The host believed it had influenced legislation.
“For or against?” the bachelor inquired.
“But in other countries it’s been coming in more and more. It seems to be as easy in England now as it used to be in Indiana. In France it’s nothing scandalous, and in Norwegian society you meet so many disunited couples in a state of quadruplicate reunion that it is very embarrassing. It doesn’t seem to bother the parties to the new relation themselves.”
“It’s very common in Germany, too,” the husband on the right of the hostess said.
The husband on her left side said he did not know just how it was in Italy and Spain, and no one offered to disperse his ignorance.
In the silence which ensued the lady on the left of the host created a diversion in her favor by saying that she had heard they had a very good law in Switzerland.
Being asked to tell what it was, she could not remember, but her husband, on the right of the hostess, saved the credit of his family by supplying her defect. “Oh, yes. It’s very curious. We heard of it when we were there. When people want to be put asunder, for any reason or other, they go before a magistrate and declare their wish. Then they go home, and at the end of a certain time–weeks or months–the magistrate summons them before him with a view to reconciliation. If they come, it is a good sign; if they don’t come, or come and persist in their desire, then they are summoned after another interval, and are either reconciled or put asunder, as the case may be, or as they choose. It is not expensive, and I believe it isn’t scandalous.”
“It seems very sensible,” the husband on the left of the hostess said, as if to keep the other husband in countenance. But for an interval no one else joined him, and the mature girl said to the man next her that it seemed rather cold-blooded. He was a man who had been entreated to come in, on the frank confession that he was asked as a stop-gap, the original guest having fallen by the way. Such men are apt to abuse their magnanimity, their condescension. They think that being there out of compassion, and in compliance with a hospitality that had not at first contemplated their presence, they can say anything; they are usually asked without but through their wives, who are asked to “lend” them, and who lend them with a grudge veiled in eager acquiescence; and the men think it will afterward advantage them with their wives, when they find they are enjoying themselves, if they will go home and report that they said something vexing or verging on the offensive to their hostess. This man now addressed himself to the lady at the head of the table.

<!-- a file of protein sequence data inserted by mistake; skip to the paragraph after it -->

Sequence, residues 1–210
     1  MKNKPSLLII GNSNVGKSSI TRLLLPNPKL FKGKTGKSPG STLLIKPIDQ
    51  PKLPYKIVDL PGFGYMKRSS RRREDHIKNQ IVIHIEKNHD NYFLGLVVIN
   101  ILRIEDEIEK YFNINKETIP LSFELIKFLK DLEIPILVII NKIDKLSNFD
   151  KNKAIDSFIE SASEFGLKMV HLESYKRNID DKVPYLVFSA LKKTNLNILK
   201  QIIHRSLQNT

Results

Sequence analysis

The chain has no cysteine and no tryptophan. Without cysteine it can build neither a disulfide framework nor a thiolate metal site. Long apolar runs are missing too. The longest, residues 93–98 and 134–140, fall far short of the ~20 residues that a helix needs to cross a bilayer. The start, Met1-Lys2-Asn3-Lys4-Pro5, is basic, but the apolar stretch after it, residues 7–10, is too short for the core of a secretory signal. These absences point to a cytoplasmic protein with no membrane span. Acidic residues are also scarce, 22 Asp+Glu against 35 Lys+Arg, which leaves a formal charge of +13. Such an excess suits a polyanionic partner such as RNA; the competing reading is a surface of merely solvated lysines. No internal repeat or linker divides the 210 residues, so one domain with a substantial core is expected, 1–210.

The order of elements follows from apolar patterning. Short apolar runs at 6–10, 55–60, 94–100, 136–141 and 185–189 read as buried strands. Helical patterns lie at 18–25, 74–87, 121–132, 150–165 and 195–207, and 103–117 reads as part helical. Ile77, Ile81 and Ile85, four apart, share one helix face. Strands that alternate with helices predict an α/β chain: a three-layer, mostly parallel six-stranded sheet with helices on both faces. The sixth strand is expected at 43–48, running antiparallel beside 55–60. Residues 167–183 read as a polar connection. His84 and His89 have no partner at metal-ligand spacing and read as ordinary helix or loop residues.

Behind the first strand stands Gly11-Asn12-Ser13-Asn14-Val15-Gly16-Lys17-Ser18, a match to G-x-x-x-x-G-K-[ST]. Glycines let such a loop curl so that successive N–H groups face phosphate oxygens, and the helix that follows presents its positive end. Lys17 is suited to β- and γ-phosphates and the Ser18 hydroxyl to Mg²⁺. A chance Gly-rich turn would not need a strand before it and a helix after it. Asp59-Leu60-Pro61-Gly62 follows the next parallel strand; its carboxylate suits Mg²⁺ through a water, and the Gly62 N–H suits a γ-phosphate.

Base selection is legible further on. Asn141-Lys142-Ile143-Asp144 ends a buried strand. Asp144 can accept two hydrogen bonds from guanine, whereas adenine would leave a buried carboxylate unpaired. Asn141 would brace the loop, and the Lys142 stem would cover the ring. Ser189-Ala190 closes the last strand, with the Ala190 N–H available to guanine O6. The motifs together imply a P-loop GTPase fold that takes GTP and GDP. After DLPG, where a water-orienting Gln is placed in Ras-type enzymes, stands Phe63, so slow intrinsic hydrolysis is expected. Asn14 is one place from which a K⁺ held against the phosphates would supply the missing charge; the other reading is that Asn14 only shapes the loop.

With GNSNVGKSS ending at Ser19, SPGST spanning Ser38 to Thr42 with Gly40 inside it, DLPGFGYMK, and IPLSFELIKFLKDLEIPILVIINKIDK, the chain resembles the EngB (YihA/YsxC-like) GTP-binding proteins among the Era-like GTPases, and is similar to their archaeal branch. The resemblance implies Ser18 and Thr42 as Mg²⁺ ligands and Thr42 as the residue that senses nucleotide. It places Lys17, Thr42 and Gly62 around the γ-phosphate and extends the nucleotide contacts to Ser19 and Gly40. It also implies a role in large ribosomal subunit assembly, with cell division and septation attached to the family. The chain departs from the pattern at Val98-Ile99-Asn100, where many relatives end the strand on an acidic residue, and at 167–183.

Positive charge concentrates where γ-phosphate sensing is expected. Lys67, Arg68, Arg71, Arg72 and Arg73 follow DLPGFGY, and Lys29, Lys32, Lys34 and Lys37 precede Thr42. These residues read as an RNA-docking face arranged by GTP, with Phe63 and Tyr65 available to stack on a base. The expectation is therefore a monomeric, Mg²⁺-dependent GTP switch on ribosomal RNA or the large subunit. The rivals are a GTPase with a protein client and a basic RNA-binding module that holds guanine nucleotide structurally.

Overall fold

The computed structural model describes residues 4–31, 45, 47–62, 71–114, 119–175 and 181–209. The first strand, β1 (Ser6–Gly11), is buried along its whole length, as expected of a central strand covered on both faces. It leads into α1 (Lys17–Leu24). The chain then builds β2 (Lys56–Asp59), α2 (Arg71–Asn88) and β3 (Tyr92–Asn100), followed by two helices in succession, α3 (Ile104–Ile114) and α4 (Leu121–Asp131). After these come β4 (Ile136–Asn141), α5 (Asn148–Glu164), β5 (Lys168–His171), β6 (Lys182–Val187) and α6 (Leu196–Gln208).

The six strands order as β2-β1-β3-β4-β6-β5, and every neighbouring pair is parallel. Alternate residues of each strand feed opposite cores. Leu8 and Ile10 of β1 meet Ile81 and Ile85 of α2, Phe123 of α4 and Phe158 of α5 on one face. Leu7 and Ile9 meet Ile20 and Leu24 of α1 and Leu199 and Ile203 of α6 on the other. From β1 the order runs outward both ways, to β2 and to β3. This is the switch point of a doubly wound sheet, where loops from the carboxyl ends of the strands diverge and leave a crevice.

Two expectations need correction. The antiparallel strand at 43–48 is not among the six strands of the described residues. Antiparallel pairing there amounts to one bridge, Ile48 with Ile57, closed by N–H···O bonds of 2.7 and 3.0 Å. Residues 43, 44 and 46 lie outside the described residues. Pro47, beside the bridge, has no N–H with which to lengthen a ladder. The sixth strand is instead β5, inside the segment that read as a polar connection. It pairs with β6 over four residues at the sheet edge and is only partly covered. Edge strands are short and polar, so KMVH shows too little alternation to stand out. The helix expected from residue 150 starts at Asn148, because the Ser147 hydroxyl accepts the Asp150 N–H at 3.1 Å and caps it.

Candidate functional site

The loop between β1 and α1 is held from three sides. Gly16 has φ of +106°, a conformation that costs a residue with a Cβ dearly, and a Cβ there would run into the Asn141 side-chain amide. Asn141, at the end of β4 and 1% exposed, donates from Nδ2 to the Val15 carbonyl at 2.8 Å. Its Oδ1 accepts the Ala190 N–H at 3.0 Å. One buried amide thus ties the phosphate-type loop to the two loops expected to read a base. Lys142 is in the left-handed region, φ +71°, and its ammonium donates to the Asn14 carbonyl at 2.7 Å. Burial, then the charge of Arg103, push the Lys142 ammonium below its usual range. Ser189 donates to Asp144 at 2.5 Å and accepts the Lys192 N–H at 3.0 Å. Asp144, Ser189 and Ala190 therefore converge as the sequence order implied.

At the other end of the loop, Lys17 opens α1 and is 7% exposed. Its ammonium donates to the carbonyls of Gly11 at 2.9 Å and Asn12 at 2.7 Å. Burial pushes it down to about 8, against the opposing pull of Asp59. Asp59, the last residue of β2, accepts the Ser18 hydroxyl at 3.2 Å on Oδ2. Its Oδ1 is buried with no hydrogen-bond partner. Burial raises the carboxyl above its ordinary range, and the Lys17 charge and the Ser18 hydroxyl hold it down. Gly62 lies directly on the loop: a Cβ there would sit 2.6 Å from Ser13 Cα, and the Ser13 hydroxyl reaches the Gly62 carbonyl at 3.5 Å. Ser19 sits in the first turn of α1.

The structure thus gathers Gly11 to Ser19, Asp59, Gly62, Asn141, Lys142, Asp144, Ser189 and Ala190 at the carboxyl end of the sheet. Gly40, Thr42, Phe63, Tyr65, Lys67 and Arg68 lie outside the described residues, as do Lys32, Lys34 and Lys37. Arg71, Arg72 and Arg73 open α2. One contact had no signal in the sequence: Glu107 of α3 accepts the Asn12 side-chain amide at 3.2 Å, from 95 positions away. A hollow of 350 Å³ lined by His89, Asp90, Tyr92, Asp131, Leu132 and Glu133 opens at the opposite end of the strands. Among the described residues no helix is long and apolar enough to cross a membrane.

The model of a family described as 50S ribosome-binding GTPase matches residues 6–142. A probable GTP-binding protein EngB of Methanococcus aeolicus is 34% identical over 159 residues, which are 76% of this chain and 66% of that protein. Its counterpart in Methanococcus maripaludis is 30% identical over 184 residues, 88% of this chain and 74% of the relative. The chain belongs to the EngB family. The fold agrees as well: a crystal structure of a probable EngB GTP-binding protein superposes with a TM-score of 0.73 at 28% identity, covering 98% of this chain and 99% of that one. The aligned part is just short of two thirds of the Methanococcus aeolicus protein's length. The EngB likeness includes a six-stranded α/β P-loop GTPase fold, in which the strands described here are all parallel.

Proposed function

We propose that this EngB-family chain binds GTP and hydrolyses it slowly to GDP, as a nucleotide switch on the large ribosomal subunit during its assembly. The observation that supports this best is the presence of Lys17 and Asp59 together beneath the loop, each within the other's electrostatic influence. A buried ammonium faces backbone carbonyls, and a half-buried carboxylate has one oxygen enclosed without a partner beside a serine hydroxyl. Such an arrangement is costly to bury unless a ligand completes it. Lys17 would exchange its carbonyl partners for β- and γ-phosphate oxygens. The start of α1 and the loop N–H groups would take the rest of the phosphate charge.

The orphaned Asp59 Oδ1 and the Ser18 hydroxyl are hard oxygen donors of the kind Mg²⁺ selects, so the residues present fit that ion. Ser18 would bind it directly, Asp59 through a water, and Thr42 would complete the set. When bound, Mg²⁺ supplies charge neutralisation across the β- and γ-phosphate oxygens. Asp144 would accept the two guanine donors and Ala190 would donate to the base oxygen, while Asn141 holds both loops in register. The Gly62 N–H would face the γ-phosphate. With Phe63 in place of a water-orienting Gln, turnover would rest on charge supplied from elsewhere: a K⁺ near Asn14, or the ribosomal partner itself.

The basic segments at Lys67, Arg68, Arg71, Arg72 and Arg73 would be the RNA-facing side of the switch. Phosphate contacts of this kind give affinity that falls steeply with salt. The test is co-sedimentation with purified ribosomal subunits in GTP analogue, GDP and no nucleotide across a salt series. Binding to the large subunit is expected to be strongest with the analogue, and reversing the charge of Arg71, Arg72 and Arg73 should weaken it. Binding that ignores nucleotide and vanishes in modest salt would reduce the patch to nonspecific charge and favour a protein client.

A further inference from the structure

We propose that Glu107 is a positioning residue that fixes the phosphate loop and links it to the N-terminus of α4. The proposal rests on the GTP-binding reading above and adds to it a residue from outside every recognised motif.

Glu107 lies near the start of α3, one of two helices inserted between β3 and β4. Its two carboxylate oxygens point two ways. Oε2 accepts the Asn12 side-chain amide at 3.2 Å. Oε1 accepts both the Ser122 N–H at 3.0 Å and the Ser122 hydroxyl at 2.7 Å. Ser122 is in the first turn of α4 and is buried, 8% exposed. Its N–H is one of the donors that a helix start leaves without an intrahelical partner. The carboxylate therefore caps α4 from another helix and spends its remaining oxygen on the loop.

“Why do we all talk as if we thought divorce was an unquestionable evil?”
The hostess looked with a frightened air to the right and left, and then down the table to her husband. But no one came to her rescue, and she asked feebly, as if foreboding trouble (for she knew she had taken a liberty with this man’s wife), “Why, don’t we?”
“About one in seven of us doesn’t,” the stop-gap said.
“Oh!” the girl beside him cried out, in a horror-stricken voice which seemed not to interpret her emotion truly. “Is it so bad as that?”
“Perhaps not quite, even if it is bad at all,” he returned, and the hostess smiled gratefully at the girl for drawing his fire. But it appeared she had not, for he directed his further speech at the hostess again: really the most inoffensive person there, and the least able to contend with adverse opinions.
“No, I don’t believe we do think it an unquestionable evil, unless we think marriage is so.” Everybody sat up, as the stop-gap had intended, no doubt, and he “held them with his glittering eye,” or as many as he could sweep with his glance. “I suppose that the greatest hypocrite at this table, where we are all so frankly hypocrites together, will not deny that marriage is the prime cause of divorce. In fact, divorce couldn’t exist without it.”